Johnson Matthey to exit battery materials
Following a detailed review, Johnson Matthey has concluded that the potential returns from its Battery Materials business “will not be adequate to justify further investment”. It will therefore seek to sell all or parts of the business.
Although demand has been growing strongly, the company said, “so is competition from alternative technologies and other manufacturers” and the market is becoming commoditised. JM had explored partnerships in the field but found that “our capital intensity is too high compared with other more established large-scale, low-cost producers”.
The company had invested about £150 million in R&D into eLNO, a high-nickel cathode material. A 10,000 tonnes/year plant was due to open in Poland in 2024 and a second, larger one was already in the planning stages. The company values the business, which employs 430, at about £335 million.
The decision to exit leaves questions hanging over the future strategic direction of the company. The Catalytic Converters business is expected to go into decline with the transition to electric vehicles and the battery business was expected to compensate in part for that.
Moreover, JM is also undergoing a strategic review of its Health business, including API custom manufacturing services, controlled substances, catalysts and generics. The division generated sales of £223 million, about 5% of the total. There has been much industry discussion ever since about who might buy the business.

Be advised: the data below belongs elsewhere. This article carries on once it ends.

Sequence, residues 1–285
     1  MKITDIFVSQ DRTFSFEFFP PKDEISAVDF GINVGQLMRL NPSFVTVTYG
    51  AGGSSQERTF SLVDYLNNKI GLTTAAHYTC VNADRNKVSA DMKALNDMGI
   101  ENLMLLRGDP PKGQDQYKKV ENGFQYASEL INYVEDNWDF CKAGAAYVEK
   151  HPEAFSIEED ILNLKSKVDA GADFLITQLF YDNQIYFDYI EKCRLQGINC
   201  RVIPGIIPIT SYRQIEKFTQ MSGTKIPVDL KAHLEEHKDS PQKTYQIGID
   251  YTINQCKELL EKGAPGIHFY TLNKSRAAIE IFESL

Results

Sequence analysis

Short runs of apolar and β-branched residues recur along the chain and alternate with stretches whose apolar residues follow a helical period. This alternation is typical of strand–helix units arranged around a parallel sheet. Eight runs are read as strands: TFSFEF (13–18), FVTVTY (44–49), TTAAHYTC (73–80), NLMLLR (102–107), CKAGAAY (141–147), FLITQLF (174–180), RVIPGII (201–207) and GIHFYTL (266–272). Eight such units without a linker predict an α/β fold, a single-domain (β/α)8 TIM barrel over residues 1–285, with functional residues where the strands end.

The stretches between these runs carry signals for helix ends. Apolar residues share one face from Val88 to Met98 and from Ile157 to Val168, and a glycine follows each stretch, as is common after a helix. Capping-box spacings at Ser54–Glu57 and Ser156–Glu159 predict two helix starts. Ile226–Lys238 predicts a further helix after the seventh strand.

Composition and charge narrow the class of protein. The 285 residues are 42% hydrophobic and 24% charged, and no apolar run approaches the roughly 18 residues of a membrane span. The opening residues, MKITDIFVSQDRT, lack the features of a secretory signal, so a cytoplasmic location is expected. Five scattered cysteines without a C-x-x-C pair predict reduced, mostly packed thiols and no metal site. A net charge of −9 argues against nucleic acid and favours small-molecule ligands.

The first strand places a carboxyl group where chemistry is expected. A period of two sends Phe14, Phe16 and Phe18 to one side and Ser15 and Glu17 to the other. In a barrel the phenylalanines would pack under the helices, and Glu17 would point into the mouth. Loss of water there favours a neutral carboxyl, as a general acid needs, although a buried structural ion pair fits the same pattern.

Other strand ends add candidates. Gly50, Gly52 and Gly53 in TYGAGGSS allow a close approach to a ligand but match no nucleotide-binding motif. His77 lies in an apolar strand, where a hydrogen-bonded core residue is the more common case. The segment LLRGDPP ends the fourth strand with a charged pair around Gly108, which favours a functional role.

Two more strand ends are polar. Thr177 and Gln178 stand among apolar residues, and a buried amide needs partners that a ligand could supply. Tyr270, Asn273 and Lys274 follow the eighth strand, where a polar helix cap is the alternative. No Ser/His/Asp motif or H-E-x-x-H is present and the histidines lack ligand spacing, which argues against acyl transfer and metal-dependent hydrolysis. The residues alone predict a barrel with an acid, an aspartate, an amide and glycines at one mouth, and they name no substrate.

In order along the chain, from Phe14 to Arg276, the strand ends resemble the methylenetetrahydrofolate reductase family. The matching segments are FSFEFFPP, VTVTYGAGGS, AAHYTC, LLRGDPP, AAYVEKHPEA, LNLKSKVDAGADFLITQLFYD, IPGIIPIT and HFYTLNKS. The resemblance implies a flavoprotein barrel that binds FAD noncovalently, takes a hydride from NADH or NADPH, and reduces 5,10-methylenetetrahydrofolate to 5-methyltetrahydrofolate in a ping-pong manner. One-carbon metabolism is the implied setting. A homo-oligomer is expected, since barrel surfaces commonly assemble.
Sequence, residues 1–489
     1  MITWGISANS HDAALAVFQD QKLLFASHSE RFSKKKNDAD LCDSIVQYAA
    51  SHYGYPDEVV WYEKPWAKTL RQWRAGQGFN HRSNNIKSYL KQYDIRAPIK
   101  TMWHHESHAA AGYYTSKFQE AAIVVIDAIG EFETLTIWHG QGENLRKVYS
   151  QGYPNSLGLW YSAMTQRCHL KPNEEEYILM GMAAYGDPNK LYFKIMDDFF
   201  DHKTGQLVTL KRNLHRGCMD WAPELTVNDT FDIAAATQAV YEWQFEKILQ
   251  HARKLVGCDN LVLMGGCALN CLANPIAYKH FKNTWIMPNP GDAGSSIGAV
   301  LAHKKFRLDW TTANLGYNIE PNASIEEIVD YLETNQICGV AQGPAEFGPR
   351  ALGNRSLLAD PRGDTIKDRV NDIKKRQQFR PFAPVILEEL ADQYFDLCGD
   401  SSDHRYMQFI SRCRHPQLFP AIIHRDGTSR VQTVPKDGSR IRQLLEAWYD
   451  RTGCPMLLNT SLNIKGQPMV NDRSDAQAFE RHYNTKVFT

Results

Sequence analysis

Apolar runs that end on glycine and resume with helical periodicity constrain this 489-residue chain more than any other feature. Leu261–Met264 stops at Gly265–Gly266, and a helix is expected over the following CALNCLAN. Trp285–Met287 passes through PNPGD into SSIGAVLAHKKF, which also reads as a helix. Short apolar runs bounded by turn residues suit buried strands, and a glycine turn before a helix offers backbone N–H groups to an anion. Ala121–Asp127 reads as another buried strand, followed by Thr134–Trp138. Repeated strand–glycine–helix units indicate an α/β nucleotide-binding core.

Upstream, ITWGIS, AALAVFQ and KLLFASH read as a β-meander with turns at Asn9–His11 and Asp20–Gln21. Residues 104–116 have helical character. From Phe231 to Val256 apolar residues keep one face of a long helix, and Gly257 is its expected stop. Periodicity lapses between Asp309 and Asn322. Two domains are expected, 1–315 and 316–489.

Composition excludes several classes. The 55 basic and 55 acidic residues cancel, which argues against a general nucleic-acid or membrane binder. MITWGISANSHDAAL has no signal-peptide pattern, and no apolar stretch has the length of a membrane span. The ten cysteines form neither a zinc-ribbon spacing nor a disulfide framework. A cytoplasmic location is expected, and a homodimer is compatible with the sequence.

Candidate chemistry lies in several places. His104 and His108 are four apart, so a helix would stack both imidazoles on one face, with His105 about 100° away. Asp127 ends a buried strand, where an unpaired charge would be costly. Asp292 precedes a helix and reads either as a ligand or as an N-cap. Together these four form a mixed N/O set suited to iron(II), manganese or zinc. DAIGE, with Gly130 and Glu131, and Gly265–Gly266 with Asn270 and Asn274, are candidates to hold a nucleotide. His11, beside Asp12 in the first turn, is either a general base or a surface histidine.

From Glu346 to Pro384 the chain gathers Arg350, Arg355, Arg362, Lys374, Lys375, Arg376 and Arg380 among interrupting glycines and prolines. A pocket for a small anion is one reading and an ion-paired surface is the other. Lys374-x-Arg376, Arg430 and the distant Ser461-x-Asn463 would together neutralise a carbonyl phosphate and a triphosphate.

At the time of the announcement in April, battery materials, fuel cells and green hydrogen technologies were cited as areas of greater focus. CEO Robert MacLeod, whose impending retirement has also been announced, said that exiting battery materials “will allow us to accelerate our investment and focus on more attractive growth areas, especially where we have leadership positions, such as in hydrogen technologies, circularity and the decarbonisation of the chemicals value chain”.
Separately but perhaps significantly, JM is among 28 organisations across multiple industries that have joined H2Zero, an initiative sponsored by the World Business Council for Sustainable Development and the Sustainable Markets Initiative to accelerate the use and production of hydrogen. The companies have all made pledges to that end and JM’s is to invest about £1 billion in the research, development and deployment of clean hydrogen technologies by 2030. Others involved include BP, Shell, Siemens Energy and Anglo American.
MacLeod’s retirement after eight years at the helm was coincidentally announced in the same week. He will step down and leave the board with effect from 1 March 2022 but will stay on to support the transition process until the AGM on 21 July. His successor is Liam Condon, currently president of Bayer’s Crop Science division and formerly with Schering and Bayer HealthCare.